Rhodes similarly shows that inequality in health outcomes is inevitable despite the proclaimed commitment to justice. He shows how the income levels of people and the social class result into unequal health outcomes. The evidence of the inequality due to social classes is clearly presented in the Beveridge report of 1942 that led to the setting up of the welfare state in the United Kingdom. According to the report, people received treatment based on their working class and their economic state and the people with the lowest working class were treated unfairly or even neglected in health care matters. His study shows how the class related inequalities in mortality rate were observed in almost every country and there was also data that could be used to prove that. He attributes the inequality to up to three quarter deaths and the magnitude varied from country to country. The Magnitude of the social class inequality in health was also shown in England where the mortality rates for unskilled men was about 80% higher than the mortality rate of the professionals (Rhodes 2002). The social position affected the individuals was co-related to their health outcomes and the second degree of social inequality in the community correlated with the average outcomes of the community. Inequality in health outcomes could also be shown based on the economic state of cities such that cities with low per-capita income were seen to have higher death rates compared to the other cities.

The health equity tool assessment kit used by world health Organization was developed to facilitate the assessment of health within a country. The toolkit was organized around two main components which include: exploration of inequality and the comparison of the inequality. The exploration of inequality enables users of the software program to explore the possible conditions within a country that result in inequality and cause the change in the inequalities over time. The comparison inequality is a tool that was developed to enable the users to compare the health situations of some countries to the health situation and implications in other countries. The data and summaries obtained can then be used to measure the impact of health inequality and whether or not it can be removed (Clavier, 2013).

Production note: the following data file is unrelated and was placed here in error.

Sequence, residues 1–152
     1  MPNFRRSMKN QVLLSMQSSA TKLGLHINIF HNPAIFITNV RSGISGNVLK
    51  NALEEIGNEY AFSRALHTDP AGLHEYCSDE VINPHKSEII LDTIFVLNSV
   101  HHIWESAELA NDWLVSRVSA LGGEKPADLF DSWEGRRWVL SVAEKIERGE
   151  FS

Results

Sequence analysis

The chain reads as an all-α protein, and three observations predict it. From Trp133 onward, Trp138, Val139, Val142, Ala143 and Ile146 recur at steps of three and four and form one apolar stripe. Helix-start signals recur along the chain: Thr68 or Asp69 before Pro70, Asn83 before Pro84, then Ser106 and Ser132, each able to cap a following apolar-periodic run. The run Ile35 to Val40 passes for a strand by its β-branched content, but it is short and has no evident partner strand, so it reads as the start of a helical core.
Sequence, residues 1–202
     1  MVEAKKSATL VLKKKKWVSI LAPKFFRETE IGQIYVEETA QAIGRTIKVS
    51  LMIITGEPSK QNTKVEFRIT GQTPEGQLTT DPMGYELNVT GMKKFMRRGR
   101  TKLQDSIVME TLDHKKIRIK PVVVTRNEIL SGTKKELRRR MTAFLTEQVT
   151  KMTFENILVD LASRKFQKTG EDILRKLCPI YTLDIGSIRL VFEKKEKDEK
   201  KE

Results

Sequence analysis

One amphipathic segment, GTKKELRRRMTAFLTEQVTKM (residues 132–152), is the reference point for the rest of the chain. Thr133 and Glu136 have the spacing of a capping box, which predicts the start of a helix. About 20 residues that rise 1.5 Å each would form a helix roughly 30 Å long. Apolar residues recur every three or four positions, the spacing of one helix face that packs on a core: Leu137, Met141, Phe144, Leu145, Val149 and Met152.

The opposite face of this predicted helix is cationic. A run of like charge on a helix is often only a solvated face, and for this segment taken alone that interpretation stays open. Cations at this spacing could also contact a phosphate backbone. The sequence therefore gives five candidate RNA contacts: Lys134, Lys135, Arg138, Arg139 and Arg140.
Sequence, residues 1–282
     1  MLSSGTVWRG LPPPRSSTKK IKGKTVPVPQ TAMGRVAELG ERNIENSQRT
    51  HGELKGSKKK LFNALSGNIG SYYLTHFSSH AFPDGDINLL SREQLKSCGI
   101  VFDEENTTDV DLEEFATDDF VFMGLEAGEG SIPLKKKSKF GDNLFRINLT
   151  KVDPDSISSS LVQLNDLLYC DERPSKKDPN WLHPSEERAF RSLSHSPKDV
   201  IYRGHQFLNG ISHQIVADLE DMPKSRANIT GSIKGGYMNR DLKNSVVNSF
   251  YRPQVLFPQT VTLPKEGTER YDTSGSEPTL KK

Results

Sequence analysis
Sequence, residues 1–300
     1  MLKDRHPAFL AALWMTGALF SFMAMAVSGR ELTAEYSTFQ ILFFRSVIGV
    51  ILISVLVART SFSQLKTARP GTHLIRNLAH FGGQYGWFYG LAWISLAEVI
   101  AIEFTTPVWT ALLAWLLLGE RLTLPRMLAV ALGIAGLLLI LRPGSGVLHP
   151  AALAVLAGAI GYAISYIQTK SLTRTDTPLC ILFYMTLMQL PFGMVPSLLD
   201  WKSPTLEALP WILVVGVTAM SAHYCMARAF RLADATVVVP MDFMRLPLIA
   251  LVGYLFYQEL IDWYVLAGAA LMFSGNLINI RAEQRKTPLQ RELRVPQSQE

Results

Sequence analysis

The discussion above shows that there exists health inequality owing to several factors such as gender, social class, indigeneity and ethnicity. A closer look on the inequality in health outcomes due to social classes depicts the fact that health provision, access and treatment are determined by ones financial and material capability to access the health services. Inequality in health outcomes can therefore be evitable if there is collective effort to eradicate the inequality.


Bradby, H. (2012). Medicine, health and society: A critical sociology. Los Angeles: SAGE.

Clavier, C., & De, L. E. (2013). Health Promotion and the Policy Process. Oxford: OUP Oxford.

Great Britain. (2010). Tackling inequalities in life expectancy in areas with the worst health and deprivation. Third report of session 2010-11; report, together with formal minutes, oral and written evidence. Norwich: TSO.

Hyde, A., McDonnell, O., & Lohan, M. (2004). Sociology for health professionals in Ireland. Dublin: Institute of Public Administration.

In Smith, K. E., In Hill, S., & In Bambra, C. (2016). Health inequalities: Critical perspectives.

McDonnell, O. (2009). Social Theory. Palgrave Macmillan.

Reinert, K. A., Rajan, R. S., Glass, A. J., & Davis, L. S. (2009). The Princeton encyclopedia of the world economy. Princeton: Princeton University Press.

Rhodes, R., Battin, M. P., & Silvers, A. (2002). Medicine and social justice: Essays on the distribution of health care. Oxford: Oxford University Press

Warwick-Booth, L. (2013). Social Inequality: A Student's Guide

Wistow, Jonathan., Blackman, Tim., Byrne, David., & Wistow, Gerald. (2015). Studying Health Inequalities. Policy Pr.

World Health Organization. (2008). The world health report 2008: Primary health care : now more than ever. Geneva, Switzerland: World Health Organization.